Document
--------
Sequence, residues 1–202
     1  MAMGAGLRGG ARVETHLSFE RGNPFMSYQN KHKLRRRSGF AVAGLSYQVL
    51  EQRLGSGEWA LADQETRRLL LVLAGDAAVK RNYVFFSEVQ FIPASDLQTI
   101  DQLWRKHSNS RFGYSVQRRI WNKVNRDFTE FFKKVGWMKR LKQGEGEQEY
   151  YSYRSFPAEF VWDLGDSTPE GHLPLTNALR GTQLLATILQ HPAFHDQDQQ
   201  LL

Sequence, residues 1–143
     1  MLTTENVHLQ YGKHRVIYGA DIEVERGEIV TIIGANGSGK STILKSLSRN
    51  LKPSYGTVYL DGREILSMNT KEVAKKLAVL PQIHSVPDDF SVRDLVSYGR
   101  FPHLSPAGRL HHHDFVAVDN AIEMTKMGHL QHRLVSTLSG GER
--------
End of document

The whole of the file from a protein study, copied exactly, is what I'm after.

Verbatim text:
Sequence, residues 1–202
     1  MAMGAGLRGG ARVETHLSFE RGNPFMSYQN KHKLRRRSGF AVAGLSYQVL
    51  EQRLGSGEWA LADQETRRLL LVLAGDAAVK RNYVFFSEVQ FIPASDLQTI
   101  DQLWRKHSNS RFGYSVQRRI WNKVNRDFTE FFKKVGWMKR LKQGEGEQEY
   151  YSYRSFPAEF VWDLGDSTPE GHLPLTNALR GTQLLATILQ HPAFHDQDQQ
   201  LL

Sequence, residues 1–143
     1  MLTTENVHLQ YGKHRVIYGA DIEVERGEIV TIIGANGSGK STILKSLSRN
    51  LKPSYGTVYL DGREILSMNT KEVAKKLAVL PQIHSVPDDF SVRDLVSYGR
   101  FPHLSPAGRL HHHDFVAVDN AIEMTKMGHL QHRLVSTLSG GER